In reading Cosslett’s Animal Autobiographies I was interested in the idea of the audience/purpose of the stories. She talks about the majority of these books being addressed to children “as part of their education in sympathy” but also points out a few times the way some of these stories are addressed to adults to engender their sympathies for animals or for other groups that animals are being a stand in for. I wonder about how these two distinct audiences for authors that have a specific motive with their stories changes both the narrative but also the way the animal perspective is crafted.
In reading Le Guin’s taxonomy I was wondering a few things. She starts in the beginning discussing our kinship with animals and how “animals are always the elders, the forerunners, the ancestors of the humans.” I would have liked to hear more how this idea of ancestry shows up in the stories she discusses, and if it’s different in the different pieces of the taxonomy she lays out. I also was left wondering about some of her taxonomy and the distinctions between real and fantasy animal stories is being explored as the field of animal studies is being expanded. For example would Fraustino think about anthropomorphism differently in The Sword and the Stone or His Dark Materials?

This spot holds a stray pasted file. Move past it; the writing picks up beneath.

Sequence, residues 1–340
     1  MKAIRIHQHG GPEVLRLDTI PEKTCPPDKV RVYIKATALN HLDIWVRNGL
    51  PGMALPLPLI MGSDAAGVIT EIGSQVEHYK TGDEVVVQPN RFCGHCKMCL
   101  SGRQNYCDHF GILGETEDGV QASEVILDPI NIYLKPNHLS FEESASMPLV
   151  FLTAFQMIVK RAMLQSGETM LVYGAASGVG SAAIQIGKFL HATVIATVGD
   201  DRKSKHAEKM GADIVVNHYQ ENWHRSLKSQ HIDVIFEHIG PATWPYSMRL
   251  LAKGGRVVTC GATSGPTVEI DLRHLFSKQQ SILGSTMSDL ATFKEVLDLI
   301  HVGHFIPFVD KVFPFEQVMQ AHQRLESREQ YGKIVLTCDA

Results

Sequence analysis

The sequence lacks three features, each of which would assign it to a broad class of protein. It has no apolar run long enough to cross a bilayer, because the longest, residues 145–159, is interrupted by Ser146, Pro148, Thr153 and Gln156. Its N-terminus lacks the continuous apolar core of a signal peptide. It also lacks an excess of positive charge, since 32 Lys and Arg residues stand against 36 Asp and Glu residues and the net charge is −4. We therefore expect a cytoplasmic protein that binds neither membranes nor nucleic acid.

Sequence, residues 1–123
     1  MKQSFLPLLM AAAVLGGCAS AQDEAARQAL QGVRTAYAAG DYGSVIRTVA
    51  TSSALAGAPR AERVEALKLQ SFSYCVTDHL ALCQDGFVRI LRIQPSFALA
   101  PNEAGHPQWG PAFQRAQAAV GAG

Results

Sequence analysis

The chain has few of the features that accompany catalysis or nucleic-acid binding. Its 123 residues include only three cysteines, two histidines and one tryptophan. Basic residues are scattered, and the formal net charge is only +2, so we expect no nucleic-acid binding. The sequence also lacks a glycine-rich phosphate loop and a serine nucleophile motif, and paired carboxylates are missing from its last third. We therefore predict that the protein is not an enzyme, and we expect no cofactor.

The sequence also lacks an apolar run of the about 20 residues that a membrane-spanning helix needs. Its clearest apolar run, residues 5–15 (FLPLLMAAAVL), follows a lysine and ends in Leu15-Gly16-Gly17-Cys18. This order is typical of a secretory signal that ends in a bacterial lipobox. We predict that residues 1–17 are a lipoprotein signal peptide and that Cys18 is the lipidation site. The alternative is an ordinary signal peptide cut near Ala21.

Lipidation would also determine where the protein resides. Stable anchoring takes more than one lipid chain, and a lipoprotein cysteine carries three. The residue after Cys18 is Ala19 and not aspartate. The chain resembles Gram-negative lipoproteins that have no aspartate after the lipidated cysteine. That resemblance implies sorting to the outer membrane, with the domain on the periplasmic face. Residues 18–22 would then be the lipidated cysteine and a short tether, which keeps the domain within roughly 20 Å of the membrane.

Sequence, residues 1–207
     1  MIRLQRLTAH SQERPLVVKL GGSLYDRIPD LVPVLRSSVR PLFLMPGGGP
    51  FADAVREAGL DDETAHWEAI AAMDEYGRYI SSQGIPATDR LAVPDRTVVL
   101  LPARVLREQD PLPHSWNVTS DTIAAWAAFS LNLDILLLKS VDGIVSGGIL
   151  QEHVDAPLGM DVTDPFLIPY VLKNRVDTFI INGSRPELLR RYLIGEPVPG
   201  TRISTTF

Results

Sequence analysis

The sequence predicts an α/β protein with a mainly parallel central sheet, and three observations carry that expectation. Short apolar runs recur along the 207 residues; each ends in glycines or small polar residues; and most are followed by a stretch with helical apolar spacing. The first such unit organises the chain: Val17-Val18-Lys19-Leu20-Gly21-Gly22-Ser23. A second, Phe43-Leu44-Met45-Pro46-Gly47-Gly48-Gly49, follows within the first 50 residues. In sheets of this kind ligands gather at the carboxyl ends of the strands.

Hi Rose, Great questions. I can see the dual audience in action too…in some ways I feel that the supposed address to children in these pro-animal texts often functions as a pre-text to reach a primarily adult audience. I like your question about LeGuin a lot…there are many insights in her lecture, but it often falls short of more recent insights from animal studies. I chose it largely because it throws out a lot of book titles, and I felt that might be useful at this stage! CH